Hundreds of local families got a real flavour of fruit growing at Reaseheath College’s popular apple festival over the weekend.
The fruity festival, held at the Nantwich college as part of a national celebration of the English apple, featured 115 rare varieties of apples, some dating back to Roman times and some of more recent origin.
Horticultural experts Derek Jones and Harry Delaney were on hand to identify apple varieties, answer queries on the production of apples and other fruits and offered advice on the selection, growth, pruning and propagation of fruit trees.
Many visitors arrived with fruit and foliage for identification or brought in their own apples for juicing. Tours of the College’s fruit garden were delivered by former horticulture student Philip Swift, whilst Reaseheath’s current cohort of Royal Horticulture Society (RHS) students set up and helped to man the festival. Many of the apples on show were donated by Elizabeth Gentil, widow of Tony Gentil, Reaseheath’s former Deputy Head of Horticulture or came from Reaseheath’s own fruit orchard.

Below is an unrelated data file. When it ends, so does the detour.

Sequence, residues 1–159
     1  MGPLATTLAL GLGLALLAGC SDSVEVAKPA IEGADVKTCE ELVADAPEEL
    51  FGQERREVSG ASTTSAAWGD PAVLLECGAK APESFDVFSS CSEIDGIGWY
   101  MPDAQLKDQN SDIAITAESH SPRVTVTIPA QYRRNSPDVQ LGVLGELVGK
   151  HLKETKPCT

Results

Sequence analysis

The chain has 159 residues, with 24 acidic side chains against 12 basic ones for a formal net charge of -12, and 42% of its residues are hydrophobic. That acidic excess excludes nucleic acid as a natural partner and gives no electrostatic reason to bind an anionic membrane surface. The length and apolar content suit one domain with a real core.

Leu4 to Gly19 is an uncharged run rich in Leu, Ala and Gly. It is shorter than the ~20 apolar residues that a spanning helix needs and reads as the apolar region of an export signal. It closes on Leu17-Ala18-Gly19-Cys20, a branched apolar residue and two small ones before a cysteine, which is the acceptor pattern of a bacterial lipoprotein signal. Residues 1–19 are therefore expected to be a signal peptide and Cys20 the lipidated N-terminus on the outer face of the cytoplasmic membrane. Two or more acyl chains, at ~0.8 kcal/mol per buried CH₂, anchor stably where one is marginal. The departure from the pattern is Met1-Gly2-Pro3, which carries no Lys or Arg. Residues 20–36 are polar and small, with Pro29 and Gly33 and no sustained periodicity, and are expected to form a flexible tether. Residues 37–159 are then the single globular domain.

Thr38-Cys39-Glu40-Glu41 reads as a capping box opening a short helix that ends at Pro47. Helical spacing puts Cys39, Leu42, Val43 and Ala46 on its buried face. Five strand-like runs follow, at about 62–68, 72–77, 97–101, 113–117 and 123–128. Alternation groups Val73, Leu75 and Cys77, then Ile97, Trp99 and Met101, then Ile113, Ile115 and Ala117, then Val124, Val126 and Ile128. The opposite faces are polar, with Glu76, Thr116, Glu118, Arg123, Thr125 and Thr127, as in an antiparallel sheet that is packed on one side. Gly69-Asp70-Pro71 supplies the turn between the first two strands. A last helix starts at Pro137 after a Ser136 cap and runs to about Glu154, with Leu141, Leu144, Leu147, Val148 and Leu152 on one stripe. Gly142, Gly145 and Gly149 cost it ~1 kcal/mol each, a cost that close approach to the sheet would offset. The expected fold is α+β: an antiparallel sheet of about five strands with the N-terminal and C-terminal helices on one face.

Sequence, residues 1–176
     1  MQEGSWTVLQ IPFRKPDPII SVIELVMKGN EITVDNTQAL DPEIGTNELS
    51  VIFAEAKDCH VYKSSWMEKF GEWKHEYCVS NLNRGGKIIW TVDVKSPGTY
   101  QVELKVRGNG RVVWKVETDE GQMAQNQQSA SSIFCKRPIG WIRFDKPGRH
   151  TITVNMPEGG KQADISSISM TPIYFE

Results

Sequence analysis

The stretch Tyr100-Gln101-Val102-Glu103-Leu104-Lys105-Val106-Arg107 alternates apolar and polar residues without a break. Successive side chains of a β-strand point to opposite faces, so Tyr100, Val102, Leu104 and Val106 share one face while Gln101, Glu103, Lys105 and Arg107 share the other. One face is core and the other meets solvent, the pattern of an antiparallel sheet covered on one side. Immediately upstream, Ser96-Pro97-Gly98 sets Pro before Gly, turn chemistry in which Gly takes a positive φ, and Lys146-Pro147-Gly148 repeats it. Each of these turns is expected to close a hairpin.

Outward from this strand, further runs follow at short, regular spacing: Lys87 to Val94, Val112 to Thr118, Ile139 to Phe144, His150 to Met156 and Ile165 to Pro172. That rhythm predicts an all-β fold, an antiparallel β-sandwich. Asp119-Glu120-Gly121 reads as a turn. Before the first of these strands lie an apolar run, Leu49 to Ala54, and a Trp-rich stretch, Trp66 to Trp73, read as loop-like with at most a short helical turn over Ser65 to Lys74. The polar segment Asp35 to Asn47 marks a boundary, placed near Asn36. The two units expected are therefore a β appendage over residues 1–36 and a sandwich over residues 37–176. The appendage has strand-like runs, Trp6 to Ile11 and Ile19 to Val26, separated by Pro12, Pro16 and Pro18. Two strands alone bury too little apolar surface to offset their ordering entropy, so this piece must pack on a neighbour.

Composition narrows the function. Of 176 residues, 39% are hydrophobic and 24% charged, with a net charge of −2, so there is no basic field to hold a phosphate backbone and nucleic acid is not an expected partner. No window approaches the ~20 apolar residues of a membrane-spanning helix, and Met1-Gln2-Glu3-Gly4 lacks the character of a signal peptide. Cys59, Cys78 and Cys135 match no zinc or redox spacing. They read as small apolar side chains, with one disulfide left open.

The festival, being held at Reaseheath for the 24th consecutive year, was aimed at encouraging gardeners to preserve old varieties of apples and soft fruit by growing them in their own gardens.
Explained Harry Delaney: “The English apple is part of our national heritage and though some species have been lost forever, the festival gives us the chance to think about the huge number of varieties we have left and how we ought to preserve them.
“This event is becoming busier each year. Lots of local families are interested in identifying and learning how to care for the old fruit trees they have inherited, or want to plant new trees in their gardens.”
Reaseheath College is offering day courses in pruning and grafting over the winter months and also has fruit trees for sale now. For further details contact 01270 613211 or firstname.lastname@example.org.